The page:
The Confessions of Edward Isham: A Poor White Life of the Old South

Forsideomslag
University of Georgia Press, 1998 - 192 sider
This compelling collection of original documents and current scholarship sheds considerable light on the underside of the poor white experience in the antebellum South. In 1859, the Georgian Edward Isham, convicted in North Carolina of murdering a Piedmont farmer, dictated his life story to his court-appointed defense attorney. The autobiography left behind provides a rare look at the world of poor whites from the viewpoint of a member of this most elusive of the Old South's social groups. A selection of essays accompanying the autobiography examines the meaning of the document from a variety of perspectives: crime, frontier life, gender relations, labor, and the genre of nineteenth-century confessional literature.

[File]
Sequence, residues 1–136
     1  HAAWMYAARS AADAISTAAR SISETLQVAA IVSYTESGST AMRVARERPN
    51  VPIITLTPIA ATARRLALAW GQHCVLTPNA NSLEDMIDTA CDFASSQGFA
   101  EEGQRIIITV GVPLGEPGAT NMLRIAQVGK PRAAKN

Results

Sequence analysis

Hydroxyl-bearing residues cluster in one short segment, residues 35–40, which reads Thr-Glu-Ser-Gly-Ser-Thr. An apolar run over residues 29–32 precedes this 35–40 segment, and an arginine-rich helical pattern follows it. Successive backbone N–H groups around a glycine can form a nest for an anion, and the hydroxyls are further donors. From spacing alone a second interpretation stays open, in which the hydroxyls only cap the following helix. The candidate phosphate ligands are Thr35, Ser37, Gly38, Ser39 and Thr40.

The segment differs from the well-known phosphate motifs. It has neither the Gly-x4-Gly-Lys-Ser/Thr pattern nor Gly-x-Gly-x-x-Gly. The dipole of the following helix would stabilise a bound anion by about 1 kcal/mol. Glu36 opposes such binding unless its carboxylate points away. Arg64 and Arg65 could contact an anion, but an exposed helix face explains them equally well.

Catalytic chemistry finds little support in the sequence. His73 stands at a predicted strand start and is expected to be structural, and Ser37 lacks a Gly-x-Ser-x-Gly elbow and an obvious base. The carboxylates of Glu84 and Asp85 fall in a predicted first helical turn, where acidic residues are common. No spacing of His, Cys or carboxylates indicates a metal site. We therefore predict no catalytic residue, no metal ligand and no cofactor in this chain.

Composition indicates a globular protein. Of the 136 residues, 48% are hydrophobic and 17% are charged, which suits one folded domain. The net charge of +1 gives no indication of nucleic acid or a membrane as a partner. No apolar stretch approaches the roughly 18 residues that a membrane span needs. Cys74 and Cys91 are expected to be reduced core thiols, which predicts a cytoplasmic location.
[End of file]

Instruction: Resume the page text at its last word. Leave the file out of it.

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Indhold

Autobiography of Edward Isham Alias Hardaway Bone
1
Edward Isham and Poor White Labor in the Old South
19
George Swain Edward
32
Antebellum South
45
Edward Isham and Criminal Justice for the Poor White
71
Images of Poor White Women
85
The Worlds of NineteenthCentury Condemned Men
101
Superior Court Judge Robert R Heaths Statement
121
Newspaper Accounts Relating
128
Contributors
185
Copyright

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Almindelige termer og sætninger

Om forfatteren (1998)

Charles C. Bolton is an associate professor of history at the University of Southern Mississippi in Hattiesburg. Scott P. Culclasure is an international baccalaureate coordinator for the Guildford County, North Carolina, schools.

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